Blog posting date icon
min read

How Great Events can Help your Member Engagement Strategy

Strategize your event planning, secure sponsorships, and create unique activities. If you’re looking to improve your association’s member engagement strategy through events, here’s what to consider.

Holiday Shaped Cookies on White and Grey Textiles

It’s the biggest time of year for your association: event season.

Yes, the time you’ve been preparing for months has finally come, and you’re ready to show your members what this year’s event has in store. You’ve booked the vendors, secured sponsors, and marketed your event for months. With all that hard work in mind, you want your members to actually engage with your events. An event with low attendance and engagement rates is any association’s worst nightmare. Hubspot and Constant Contact report from 2011 claims that 90% of nonprofits rank their events as very important. Chances are, your association does too.

Here’s another statistic to think about: According to ASAE’s 2012 Benchmark report, event registration counts for about 50% of non-dues revenue at associations. That’s right, half of event revenue comes from event attendance, which directly relates to member engagement as well. So, how do you ensure your events are an offer members can’t refuse? Strategize your event planning, secure sponsorships, and create unique activities. If you’re looking to improve your association’s member engagement strategy through events, here’s what to consider:

Start with a timed plan.

Any good event starts with a well-thought out event plan.

But, where do you begin? What does your association need to do for the optimal planning strategy?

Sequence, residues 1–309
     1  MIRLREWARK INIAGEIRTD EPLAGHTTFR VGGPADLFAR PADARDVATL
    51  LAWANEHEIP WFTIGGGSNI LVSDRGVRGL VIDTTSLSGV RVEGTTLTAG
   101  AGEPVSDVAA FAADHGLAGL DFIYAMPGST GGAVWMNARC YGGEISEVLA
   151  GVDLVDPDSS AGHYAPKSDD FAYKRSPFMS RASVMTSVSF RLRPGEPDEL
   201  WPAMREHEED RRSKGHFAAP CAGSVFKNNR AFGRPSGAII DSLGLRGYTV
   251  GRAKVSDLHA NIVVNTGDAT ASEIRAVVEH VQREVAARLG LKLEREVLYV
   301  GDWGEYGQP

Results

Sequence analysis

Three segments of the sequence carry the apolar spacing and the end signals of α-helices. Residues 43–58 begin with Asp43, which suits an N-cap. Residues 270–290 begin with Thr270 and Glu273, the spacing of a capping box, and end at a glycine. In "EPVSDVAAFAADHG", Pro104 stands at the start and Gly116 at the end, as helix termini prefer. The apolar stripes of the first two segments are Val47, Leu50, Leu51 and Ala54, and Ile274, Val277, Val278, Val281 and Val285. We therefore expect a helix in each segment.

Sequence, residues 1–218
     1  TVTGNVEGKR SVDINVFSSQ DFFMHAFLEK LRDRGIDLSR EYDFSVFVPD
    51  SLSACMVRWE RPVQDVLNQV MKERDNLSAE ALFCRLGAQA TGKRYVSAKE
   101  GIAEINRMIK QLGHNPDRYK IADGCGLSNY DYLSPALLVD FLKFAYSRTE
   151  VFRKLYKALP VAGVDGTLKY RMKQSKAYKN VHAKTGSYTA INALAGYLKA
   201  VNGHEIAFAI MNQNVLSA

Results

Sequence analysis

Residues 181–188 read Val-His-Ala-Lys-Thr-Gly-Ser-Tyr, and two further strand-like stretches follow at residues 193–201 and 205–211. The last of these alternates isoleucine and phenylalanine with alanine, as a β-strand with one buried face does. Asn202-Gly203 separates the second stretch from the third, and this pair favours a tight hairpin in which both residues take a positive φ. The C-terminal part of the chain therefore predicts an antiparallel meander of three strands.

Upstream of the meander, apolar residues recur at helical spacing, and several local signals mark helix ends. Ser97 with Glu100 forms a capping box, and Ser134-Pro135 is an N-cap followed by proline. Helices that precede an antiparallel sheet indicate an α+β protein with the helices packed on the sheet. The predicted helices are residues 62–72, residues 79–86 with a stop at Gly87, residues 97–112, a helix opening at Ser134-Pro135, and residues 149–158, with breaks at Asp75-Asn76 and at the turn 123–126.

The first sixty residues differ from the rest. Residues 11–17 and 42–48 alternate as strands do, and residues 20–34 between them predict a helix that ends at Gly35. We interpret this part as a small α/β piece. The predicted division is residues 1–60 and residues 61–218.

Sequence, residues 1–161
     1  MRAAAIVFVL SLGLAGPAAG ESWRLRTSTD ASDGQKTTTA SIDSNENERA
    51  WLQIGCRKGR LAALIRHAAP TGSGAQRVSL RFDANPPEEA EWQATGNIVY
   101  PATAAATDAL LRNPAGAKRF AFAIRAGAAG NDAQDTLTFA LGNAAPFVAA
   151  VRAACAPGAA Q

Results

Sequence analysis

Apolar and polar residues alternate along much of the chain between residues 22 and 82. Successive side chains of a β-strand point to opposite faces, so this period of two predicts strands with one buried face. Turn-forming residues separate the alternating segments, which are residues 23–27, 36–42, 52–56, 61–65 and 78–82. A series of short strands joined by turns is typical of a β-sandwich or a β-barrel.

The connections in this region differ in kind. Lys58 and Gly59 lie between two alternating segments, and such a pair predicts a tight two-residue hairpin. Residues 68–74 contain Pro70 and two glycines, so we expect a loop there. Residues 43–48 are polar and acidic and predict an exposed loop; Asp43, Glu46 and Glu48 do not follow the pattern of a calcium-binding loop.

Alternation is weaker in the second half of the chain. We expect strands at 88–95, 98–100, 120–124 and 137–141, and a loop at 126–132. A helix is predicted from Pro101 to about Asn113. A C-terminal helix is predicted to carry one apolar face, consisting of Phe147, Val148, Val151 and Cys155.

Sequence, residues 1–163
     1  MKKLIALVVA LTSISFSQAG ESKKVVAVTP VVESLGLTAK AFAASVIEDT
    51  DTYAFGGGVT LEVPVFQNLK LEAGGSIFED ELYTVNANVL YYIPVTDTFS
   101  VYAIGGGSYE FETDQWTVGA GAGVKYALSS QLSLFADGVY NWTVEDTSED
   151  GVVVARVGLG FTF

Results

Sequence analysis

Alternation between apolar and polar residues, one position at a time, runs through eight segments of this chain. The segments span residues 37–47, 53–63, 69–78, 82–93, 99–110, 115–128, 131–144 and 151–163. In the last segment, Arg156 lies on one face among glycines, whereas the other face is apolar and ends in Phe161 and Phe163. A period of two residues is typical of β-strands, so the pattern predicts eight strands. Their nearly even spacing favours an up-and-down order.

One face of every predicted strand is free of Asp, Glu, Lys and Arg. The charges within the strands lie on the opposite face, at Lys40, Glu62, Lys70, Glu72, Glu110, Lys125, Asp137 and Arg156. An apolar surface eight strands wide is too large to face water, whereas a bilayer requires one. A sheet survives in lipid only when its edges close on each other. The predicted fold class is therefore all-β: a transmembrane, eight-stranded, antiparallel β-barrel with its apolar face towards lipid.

A good place to start is with time management. According to Cornerstone Dynamics, it takes almost twice as long to complete a task than we expect it to. That means for every event plan your association is considering, it will take twice as long to put into place as originally thought. Since this is true, it’s important for associations to use all planning time wisely. You don’t want to spend too much time thinking and not enough time doing. Segment your event planning into sections.

For example, you could have separate sections for sponsorships, marketing, booths, registration, etc. Anything that can be categorized, should be. Once you have everything organized, estimate how much time each task in that category will take. Since we just learned that activities take around twice as long as we expect them to, leave spare time. Segmenting your tasks for event planning not only takes the guessing out of time management. It also saves your association a lot of stress in the long run.

Get creative.

Has your association produced the same event for years? While members may look forward to your annual event, they don’t want it to be a repeat of years prior.

According to Bizzabo, 36% of event marketers claim their biggest challenge comes from increasing event registration. It seems that getting members to keep registering is a challenge for many marketers.If your association wants to increase its registration amount, it needs to get creative with event activities. Think about what makes your association unique and incorporate that into your events. For example, if your association centers around wildlife conservation (like the National Wildlife Rehabilitators Association), create opportunities to incorporate wildlife into your event. You could hold an event at a wildlife sanctuary, a conservatory, or even a zoo. Changing the location to somewhere unique is a way to get member’s engaged and excited. It’s also a way to build word-of-mouth marketing around your association’s events.